Egypt has unearthed an ancient burial site replete with at least 17 mummies, most fully intact, the latest in a string of discoveries that the country’s antiquities’ minister described as a helping hand from the crypt for its struggling tourism sector.
The funerary site uncovered eight meters below ground in Minya, a province about 250 km (150 miles) south of Cairo, contained limestone and clay sarcophagi, animal coffins, and papyrus inscribed with Demotic script.
The burial chamber was first detected last year by a team of Cairo University students using radar.
Thirty-two mummies, 18 in good condition, and 12 similar (unintelligible). There are still mummies, we'll find.
According to Mohamed Hamza, a Cairo University archaeology dean in charge of the excavations, the mummies have not yet been dated but are believed to date to Egypt’s Greco-Roman period, a roughly 600-year span that followed the country’s conquest by Alexander the Great in 332 BC.
“Thirty-two mummies, 18 in good condition, and 12 similar (unintelligible). There are still mummies, we’ll find,” he added.
Egypt is hoping recent discoveries will brighten its image abroad and revive interest among travelers that once flocked to its iconic pharaonic temples and pyramids but which have shunned the country since its 2011 political uprising.
“2017 has been a historic year for archaeological discoveries. It’s as if it’s a message from our ancestors who are lending us a hand to help bring tourists back,” Antiquities Minister Khaled Al-Anani told a news conference announcing the find on Saturday.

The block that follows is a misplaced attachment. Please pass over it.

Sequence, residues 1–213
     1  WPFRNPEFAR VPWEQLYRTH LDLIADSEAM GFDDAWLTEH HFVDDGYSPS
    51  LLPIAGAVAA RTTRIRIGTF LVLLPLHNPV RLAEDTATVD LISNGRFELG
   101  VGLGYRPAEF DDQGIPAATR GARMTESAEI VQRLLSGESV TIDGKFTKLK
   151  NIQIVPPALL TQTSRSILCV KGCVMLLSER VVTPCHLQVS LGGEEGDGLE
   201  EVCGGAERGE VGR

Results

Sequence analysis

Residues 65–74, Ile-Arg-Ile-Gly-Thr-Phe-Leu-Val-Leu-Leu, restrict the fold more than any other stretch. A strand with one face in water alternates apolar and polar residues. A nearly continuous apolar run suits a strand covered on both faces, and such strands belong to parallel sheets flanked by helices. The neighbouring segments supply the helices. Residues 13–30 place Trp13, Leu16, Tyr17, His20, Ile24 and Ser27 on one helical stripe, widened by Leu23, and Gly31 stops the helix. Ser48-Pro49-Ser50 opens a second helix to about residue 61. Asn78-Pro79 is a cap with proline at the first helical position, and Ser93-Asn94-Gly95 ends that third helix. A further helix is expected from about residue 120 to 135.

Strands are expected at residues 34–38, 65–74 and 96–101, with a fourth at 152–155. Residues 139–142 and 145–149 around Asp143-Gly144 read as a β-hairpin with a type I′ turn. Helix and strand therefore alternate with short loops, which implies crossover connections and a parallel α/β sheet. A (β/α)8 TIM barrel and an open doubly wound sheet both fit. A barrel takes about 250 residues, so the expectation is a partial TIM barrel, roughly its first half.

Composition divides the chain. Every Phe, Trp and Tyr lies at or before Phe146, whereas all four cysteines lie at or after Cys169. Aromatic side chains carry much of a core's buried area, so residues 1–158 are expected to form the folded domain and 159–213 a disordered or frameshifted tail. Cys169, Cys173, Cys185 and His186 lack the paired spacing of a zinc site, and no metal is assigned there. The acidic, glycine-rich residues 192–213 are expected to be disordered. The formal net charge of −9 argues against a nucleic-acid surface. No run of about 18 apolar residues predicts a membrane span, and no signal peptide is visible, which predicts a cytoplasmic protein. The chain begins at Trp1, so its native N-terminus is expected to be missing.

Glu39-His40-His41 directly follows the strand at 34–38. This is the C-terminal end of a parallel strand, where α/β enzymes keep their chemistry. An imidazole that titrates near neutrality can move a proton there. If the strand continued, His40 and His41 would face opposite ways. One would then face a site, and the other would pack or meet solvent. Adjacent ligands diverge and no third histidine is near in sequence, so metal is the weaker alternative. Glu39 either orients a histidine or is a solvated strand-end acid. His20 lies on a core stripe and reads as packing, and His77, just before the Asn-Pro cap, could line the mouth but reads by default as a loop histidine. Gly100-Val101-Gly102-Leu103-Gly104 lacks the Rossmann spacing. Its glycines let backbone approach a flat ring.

Salah Al-Kholi, a Cairo University Egyptology professor who led the mission, said as many as 32 mummies may be in the chamber, including mummies of women, children, and infants.
Archaeologists have excavated a slew of relics in recent months that include a nobleman’s tomb from more than 3,000 years ago, 12 cemeteries that date back about 3,500 years, and a giant colossus believed to depict King Psammetich I, who ruled from 664 to 610 BC.
The previous outbreak of Ebola, which was declared in the northwest of the country, killed 49 people between July and November 2014.
Tourism Minister Yehia Rashed said last month the new finds could boost tourist arrivals this year to about 10 million, an improvement from the 9.3 million visitors that came in 2015 but still far below the 14.7 million from 2010. No 2016 figure is yet available.
The tourism sector, a crucial source of hard currency, has struggled to regain ground amid a growing number of militant attacks, including two Islamic State church bombings last month.